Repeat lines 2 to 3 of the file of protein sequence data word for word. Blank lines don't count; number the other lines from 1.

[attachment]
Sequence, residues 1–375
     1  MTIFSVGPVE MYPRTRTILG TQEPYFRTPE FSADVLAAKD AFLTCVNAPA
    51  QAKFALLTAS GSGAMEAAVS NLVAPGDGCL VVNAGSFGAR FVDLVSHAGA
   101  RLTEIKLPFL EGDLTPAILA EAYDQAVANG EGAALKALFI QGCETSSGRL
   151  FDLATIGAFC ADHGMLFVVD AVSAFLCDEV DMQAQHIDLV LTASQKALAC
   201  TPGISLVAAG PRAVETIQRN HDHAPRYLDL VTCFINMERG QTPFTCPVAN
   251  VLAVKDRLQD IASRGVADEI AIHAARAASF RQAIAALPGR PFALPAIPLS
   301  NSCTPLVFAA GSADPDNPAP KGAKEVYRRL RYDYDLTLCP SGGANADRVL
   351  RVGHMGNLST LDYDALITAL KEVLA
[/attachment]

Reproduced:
     1  MTIFSVGPVE MYPRTRTILG TQEPYFRTPE FSADVLAAKD AFLTCVNAPA
    51  QAKFALLTAS GSGAMEAAVS NLVAPGDGCL VVNAGSFGAR FVDLVSHAGA